Not that long ago I argued that books are resistant to digitization due to a combination of convenience, experience and cost factors. This week, I first learned about the Sony Reader, and initially began to wonder about the soundness of my argument. The product specifications that Sony details on its official webpage are impressive: the Reader is smaller and lighter (9 ounces) than a standard paperback, yet contains a six-inch screen and a memory slot to expand beyond its capacity of eighty e-books, and can also store other electronics such as PDFs and mp3s. In writing about his initial experiences with the Reader, Frank Wilson of the Philadelphia Enquirer notes perhaps the most winsome feature:
“…the crucial question is a fairly simple one: How readable is it? The principal reason e-books haven't caught on is that print on a screen hasn't been able to compete with ink on paper when it comes to readability. E-books have, for example, proved less than ideal for reading in full sunlight.
“The Sony Reader seems to have solved that problem. I've read mine in full summer sunlight on my patio. I've read it in morning and evening twilight on the sofa in my living room. I've read it in bed in ordinary lamp light. And I've read it on the bus and on the subway. It's easily as readable as newsprint, and sunlight is certainly no problem. In fact, the brighter the light, the easier it is to read.”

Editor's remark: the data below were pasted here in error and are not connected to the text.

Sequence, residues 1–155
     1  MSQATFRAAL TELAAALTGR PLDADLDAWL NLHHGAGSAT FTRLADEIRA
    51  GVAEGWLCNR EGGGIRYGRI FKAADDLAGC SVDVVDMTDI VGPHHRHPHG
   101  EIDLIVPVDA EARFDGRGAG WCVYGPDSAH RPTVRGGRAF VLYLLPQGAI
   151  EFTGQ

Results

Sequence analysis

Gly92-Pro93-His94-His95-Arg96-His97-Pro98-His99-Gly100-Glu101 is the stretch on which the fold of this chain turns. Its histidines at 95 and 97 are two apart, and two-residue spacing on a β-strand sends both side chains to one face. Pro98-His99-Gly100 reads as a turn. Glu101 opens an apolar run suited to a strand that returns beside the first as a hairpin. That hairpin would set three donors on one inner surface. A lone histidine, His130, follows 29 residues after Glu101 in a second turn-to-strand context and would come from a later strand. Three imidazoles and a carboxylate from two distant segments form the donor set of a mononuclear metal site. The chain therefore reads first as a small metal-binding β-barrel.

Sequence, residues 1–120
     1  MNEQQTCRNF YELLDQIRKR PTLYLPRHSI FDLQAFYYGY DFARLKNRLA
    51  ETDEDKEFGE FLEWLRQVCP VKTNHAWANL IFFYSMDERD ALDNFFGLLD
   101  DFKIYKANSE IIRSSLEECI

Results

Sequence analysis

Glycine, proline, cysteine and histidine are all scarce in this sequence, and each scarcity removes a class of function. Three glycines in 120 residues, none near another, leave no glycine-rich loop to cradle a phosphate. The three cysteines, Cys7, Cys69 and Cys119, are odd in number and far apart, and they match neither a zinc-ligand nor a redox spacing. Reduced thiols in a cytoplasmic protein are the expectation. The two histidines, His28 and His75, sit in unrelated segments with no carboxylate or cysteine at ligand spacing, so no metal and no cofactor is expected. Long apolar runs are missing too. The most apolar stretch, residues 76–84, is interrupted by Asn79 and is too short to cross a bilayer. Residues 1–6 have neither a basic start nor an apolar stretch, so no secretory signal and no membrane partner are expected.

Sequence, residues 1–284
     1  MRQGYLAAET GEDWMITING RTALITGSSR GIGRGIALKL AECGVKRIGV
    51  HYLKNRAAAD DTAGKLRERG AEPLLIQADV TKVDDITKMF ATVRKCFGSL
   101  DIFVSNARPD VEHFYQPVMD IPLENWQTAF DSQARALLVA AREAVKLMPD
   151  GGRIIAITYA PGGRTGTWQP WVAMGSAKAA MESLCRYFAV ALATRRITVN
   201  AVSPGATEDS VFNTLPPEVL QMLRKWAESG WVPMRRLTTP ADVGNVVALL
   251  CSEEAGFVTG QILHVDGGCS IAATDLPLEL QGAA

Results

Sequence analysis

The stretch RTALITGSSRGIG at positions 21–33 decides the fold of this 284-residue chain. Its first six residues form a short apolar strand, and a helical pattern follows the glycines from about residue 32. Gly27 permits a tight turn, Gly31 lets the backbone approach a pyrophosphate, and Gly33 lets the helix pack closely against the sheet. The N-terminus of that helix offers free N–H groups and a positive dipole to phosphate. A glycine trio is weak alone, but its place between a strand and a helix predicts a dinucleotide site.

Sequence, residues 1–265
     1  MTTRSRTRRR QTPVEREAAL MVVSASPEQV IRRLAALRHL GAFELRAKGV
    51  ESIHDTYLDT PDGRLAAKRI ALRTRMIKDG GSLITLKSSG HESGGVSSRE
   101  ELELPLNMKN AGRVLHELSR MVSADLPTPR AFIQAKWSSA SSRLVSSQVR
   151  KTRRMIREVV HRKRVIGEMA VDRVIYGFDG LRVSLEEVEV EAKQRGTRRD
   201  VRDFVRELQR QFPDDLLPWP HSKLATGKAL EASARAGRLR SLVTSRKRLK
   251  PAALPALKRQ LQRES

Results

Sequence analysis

If the experiential factors of reading are what primarily limit the current market for e-books, then creating a device that allows for easier reading in what are normally less-than-ideal viewing conditions is a step in the right direction. Yet Wilson cites plenty of drawbacks: a general user-unfriendly software interface (no indices or search feature and a confusing help guide), a limited selection available through Sony’s e-book store, and a high expense for both the Reader ($235) and the e-books (same price as hardback versions, which is an incredibly poor decision). At four to six hours per charge, the battery life is so-so. And then there’s Sony, whose consumer reputation could be better.
Even if we set these issues aside, the Sony Reader doesn’t fundamentally address the issues of e-book technology. David Haskin of PC Advisor finds that in addition to the fact that e-books lack a standardized format (leading to compatibility issues):
“…the devices [for e-books] themselves just aren't good enough yet. Some people find them unwieldy; others say they're difficult to use. And for many people, there's just no replacing the old-fashioned, reassuring feel of paper” (emphasis mine).
Wilson thus demonstrates that the Sony Reader is difficult to use, and that while it replicates the look of book paper, it isn’t an equal replacement for the tactile sensations of turning a page.
I think the “old-fashioned” book is safe for now.